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QUOTE (Headbanger @ Nov 11 2013, 05:05 PM) *
Is this the same as the C Blues Major scale that I have on the GMC scale generator? If so it seems to be different? Please explain where I'm going wrong!!! biggrin.gif

https://www.guitarmasterclass.net/images/sc...110100R0010.jpg


Hey, the scale in the jpeg you sent is a minor blues scale, so like the one in this link, that's all.


https://www.guitarmasterclass.net/guitar_fo...showtopic=50111


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Headbanger
post Nov 11 2013, 06:26 PM
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QUOTE (The Professor @ Nov 11 2013, 06:19 PM) *
Hey, the scale in the jpeg you sent is a minor blues scale, so like the one in this link, that's all.


https://www.guitarmasterclass.net/guitar_fo...showtopic=50111


It says on the scale generator that its major blues though. How can I find a major blues scale on the GMC generator?


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The Professor
post Nov 11 2013, 06:29 PM
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Hey

Just looks like a glitch, I've sent Kris a note so should be fixed shortly. Cheers!


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Headbanger
post Nov 11 2013, 06:32 PM
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QUOTE (The Professor @ Nov 11 2013, 06:29 PM) *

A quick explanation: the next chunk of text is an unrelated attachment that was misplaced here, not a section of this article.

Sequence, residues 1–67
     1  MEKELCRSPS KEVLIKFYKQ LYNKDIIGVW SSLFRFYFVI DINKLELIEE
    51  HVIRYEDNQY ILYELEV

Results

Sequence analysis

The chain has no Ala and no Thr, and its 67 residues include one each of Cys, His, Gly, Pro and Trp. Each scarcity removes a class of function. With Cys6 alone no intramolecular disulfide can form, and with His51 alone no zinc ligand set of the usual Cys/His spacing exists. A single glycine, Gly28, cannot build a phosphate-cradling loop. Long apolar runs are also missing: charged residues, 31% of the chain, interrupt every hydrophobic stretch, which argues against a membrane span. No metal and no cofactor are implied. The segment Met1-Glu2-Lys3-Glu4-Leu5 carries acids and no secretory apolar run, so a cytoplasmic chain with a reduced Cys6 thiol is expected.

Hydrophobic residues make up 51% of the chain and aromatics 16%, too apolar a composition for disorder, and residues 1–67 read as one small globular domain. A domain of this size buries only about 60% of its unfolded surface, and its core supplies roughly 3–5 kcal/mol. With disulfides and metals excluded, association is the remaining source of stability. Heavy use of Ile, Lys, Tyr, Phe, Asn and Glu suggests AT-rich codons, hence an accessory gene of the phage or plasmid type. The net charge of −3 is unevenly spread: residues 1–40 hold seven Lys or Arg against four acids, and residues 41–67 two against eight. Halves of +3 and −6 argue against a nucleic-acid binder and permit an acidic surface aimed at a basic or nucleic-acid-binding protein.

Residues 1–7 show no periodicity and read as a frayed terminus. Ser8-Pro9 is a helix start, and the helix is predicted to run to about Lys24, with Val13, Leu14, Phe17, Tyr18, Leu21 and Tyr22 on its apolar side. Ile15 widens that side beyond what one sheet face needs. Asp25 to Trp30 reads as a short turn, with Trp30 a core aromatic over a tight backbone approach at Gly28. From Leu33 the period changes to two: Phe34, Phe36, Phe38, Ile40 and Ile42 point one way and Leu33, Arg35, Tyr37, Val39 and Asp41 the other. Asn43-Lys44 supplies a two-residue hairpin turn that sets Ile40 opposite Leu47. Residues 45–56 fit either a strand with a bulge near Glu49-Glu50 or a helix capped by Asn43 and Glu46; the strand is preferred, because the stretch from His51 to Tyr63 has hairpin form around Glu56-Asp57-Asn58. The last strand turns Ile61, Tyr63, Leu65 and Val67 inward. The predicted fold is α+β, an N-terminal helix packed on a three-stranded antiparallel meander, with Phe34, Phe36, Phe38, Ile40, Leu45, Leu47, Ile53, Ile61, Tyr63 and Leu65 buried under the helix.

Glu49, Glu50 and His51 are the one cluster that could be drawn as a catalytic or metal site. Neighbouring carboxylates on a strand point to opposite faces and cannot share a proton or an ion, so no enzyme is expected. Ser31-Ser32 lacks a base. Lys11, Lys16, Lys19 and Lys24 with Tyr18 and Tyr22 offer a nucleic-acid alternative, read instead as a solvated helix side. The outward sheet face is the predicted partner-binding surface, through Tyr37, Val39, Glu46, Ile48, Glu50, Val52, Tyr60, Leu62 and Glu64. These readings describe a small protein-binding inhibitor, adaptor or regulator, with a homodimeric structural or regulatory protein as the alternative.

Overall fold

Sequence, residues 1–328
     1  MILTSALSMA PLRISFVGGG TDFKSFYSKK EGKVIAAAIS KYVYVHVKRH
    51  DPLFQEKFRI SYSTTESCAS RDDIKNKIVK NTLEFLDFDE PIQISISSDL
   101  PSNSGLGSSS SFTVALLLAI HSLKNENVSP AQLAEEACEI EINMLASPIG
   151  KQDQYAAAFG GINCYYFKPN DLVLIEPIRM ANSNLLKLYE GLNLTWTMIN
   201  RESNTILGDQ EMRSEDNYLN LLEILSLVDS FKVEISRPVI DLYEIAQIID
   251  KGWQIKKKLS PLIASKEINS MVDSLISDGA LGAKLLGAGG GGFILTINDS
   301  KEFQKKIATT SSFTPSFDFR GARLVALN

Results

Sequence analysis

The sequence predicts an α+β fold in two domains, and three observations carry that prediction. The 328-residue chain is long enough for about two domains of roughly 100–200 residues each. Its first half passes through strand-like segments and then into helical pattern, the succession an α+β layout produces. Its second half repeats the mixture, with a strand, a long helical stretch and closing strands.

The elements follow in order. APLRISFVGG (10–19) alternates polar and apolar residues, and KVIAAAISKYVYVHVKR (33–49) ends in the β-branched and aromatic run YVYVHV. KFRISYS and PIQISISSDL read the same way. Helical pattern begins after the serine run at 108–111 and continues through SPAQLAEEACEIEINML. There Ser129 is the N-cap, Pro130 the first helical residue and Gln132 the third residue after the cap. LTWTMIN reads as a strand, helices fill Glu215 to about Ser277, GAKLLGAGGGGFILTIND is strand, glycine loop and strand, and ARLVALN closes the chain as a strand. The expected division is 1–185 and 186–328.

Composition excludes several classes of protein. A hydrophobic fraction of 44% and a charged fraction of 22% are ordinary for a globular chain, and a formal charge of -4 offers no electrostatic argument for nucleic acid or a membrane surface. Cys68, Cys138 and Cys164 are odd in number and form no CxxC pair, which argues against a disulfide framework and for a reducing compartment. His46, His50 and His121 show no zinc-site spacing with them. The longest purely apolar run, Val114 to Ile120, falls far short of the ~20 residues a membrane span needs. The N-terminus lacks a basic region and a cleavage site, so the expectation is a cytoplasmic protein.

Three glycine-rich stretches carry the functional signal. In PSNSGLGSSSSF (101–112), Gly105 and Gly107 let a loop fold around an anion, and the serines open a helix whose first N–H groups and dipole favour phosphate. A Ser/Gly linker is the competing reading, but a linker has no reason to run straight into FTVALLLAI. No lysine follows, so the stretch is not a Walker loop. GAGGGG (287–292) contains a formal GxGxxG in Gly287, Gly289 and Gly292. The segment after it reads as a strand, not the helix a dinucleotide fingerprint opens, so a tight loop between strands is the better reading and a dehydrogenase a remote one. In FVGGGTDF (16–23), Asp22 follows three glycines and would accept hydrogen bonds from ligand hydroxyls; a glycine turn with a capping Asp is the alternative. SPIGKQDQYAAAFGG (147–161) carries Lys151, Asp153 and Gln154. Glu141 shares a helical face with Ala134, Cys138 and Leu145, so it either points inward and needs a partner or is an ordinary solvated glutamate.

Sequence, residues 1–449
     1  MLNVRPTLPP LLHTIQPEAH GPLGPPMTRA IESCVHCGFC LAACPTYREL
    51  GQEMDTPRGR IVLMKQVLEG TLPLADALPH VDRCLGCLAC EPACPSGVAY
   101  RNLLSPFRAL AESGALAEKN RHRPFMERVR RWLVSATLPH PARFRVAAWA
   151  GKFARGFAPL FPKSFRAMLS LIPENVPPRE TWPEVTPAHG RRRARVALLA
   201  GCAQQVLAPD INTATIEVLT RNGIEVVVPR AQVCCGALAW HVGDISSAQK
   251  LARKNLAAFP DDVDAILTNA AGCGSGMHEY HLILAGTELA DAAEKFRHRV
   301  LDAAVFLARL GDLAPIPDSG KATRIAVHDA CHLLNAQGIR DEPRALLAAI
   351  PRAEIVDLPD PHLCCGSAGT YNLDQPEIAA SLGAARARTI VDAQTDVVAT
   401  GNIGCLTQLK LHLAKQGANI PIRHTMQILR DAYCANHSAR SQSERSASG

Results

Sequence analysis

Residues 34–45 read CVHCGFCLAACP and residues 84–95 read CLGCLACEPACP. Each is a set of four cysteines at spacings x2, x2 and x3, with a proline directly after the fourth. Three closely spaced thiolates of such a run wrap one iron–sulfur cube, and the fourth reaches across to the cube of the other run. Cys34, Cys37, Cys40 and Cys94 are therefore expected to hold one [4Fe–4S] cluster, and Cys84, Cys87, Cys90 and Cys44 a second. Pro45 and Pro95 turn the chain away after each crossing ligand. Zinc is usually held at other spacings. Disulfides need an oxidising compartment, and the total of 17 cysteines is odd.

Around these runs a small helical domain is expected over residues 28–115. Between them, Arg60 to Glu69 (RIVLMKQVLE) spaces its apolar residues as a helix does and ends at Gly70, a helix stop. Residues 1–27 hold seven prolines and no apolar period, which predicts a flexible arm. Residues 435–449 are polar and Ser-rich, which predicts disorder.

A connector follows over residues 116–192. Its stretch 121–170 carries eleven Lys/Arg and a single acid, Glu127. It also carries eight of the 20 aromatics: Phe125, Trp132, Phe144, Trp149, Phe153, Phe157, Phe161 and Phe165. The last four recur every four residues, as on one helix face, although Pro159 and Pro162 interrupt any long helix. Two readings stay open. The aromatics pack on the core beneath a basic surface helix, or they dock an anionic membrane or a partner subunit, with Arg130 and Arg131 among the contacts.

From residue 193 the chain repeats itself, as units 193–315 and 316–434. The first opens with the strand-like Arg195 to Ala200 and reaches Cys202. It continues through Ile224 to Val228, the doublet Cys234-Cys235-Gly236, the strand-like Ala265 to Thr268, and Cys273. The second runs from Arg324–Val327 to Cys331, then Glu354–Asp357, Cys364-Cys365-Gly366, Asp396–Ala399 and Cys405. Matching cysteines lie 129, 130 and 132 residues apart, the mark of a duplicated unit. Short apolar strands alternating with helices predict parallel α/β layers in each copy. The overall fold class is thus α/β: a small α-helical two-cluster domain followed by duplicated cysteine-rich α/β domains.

Hey

Just looks like a glitch, I've sent Kris a note so should be fixed shortly. Cheers!


OK thanks. I am just trying to generate a Major blues scale to compare to yours above.If thats the Minor blues scale with a 'glitch' name,
I wonder where the Blues Major scale actually is? ohmy.gif


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The Professor
post Nov 11 2013, 06:34 PM
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Hey, I couldn't find it on the generator, so Kris should sort it out for you shortly. When I hear back from him I'll let you know.


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Headbanger
post Nov 11 2013, 06:41 PM
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Many thanks. I like the new Blues thread BTW...That's where I started earlier! biggrin.gif


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The Professor
post Nov 11 2013, 06:42 PM
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cool, glad you like the new guide! Going to do one on Country Guitar next, then move on to other genres with the same approach. Hope it's helpful.


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Kristofer Dahl
post Nov 11 2013, 07:35 PM
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Thanks for spotting and reporting the glitch, this should now be fixed!

Compare:



with:

Attached Image

NB You need to clear your cache!


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The Professor
post Nov 11 2013, 07:38 PM
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You da man Kris! smile.gif Thanks.


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Headbanger
post Nov 11 2013, 07:48 PM
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Thanks Matt and Kris for sorting that out... biggrin.gif